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Take a virtual journey to the bustling streets of New York in Bert Monroy: The Making of Times Square. Digital painter Bert Monroy reveals how he created the minute details that build the impressive 108,000 x 21,600 pixels, 25-feet wide photorealistic portrait of this iconic intersection.
In this installment, The Tools, Bert demonstrates how he uses the brushes, filters, and textures in Photoshop to create everything from the trees in Central Park to the billboards on Broadway, and shares his techniques for keeping his project organized with layers and groups. He also touches on the importance of channels and channel calculations, and how the evolution of the tools in Photoshop from CS3 to CS5 shaped his work.
Wood is an interesting texture because there are different kinds of wood and different kinds of grains. And here up in these windows here, there is a couple of different wooden textures. I am going to zoom in up there, and we see that we have one texture right there. There's a wooden texture. There is another one, and here is wood painted over it with a couple of chips in it. Here is another piece of wood and coming way over on this side, another different piece of wood and a couple of pieces of wood on this side here, tons of wood. Different kinds of woods, different kinds of textures.
So, let's go ahead and create two different kinds of wood. Now, keep in mind that the colors that you use are also going to determine the type of wood. Certain woods have the same kind of a grain, but the actual wood color is different--like a mahogany, as compared to say a cedar. They will have very similar grains, but the colors would be totally different. Then you will have something like a walnut or something where the grains will start having another few features. So, let's go in here and create some wooden grains. In a layer, because we put everything into a layer, I am going to go in here and create a nice big selection like that.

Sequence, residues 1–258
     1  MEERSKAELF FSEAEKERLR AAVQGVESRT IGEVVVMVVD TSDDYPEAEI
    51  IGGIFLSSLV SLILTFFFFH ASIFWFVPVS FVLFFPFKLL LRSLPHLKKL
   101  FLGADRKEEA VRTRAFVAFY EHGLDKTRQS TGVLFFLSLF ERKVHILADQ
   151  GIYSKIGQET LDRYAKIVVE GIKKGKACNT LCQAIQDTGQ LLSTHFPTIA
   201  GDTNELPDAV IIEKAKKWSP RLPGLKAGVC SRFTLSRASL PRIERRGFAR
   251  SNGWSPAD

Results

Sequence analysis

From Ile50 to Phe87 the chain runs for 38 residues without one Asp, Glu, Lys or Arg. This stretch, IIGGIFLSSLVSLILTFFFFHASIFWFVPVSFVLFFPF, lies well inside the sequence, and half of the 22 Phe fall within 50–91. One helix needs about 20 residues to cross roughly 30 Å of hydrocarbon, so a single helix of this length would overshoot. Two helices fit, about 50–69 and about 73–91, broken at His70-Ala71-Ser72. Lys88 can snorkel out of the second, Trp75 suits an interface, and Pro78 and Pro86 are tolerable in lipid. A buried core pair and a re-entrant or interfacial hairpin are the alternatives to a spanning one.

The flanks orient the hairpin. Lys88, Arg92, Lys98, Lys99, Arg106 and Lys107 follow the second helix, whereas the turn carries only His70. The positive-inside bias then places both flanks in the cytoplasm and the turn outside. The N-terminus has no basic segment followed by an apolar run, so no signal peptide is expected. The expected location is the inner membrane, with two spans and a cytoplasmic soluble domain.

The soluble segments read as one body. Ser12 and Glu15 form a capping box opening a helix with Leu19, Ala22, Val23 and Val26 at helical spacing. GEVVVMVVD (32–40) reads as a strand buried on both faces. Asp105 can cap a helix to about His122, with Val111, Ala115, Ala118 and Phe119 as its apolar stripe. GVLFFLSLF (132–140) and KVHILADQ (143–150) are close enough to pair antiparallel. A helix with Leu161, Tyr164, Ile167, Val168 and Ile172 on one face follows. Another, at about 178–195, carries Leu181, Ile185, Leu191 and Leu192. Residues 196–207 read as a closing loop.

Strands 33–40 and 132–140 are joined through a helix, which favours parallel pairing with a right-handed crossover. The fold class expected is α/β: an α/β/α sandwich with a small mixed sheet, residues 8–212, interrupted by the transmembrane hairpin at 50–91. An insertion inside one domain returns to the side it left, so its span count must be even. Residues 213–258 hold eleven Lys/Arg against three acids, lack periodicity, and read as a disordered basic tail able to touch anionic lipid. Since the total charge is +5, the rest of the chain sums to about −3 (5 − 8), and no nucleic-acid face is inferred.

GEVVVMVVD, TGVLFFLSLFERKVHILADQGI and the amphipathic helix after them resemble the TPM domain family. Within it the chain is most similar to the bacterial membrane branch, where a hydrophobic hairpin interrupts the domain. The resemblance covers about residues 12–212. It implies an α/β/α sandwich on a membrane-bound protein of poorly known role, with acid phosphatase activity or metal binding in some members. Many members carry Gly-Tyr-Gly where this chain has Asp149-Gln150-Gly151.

I am going to fill it with a color that's going to be the type of wood that I want. So I am going to go here and pick a mid-range brown like that and I will go ahead and fill that area with that color. Fill it with the foreground color. Okay, and there's my brown. Now, to create the grain in this brown, I am going to give it noise. I am going to add noise, a lot of noise. I kept it in monochromatic so it doesn't introduce any unwanted colors.
It keeps it in the brown tones, with darker and lighter versions of the brown with some white going through it. Click OK. That's the beginnings of our woodgrain, and by they way, that is exactly how I created one part of that image that we saw a second ago, right here, where we saw the edges of the wood right there. I didn't do anything further to create that little texture right there than what I just showed you of creating just noise. Back to that file, we are going to create the grain on the sides.
So, now that I've got this noise, I'm going to go in there and apply another filter, which I am going to apply a motion blur. Now which direction you want your woodgrain, that's up to you. I am going to make it 0, which is going to make it straight across. And I am going to increase distance, very high distance, so I get these really strong, long lines. And you'll notice how it's bleeding in this way? No problem, we will take care of that later. It bleeds in the colors on the edges, but that's not a problem. What you want to get is these long lines like you see right there.
So, there is the basis of our wood now. I'm going to go in there and increase the contrast to bring out more luster in the wood. So I am going to use the adjustment of Levels, and with Levels, you will notice that most of my tones are in this midrange, so I am go in there and my darks towards it and bring my lights towards. And there you can see that we're now starting to get a much stronger woodgrain. If you want it darker, you push those darks further. You want it lighter, you bring the lights in. We will just kind of even it out, make it pretty even tone, like that.
So it kind of looks like an oak almost. So, I am going to click OK. Now we have some good wood grain right there. Now, in many cases, this will be enough. But if we want to take this further and start to really give it some nice little burls and stuff, I am going to take this to another filter. I'm going to use the Liquify filter. Now with Liquify filter, we have many different options that we can use. The first one that we have is the little warp guy. I am going to use a smaller brush, and I want to just kind of push these sides out, and see, that's why you don't have to worry about those edges.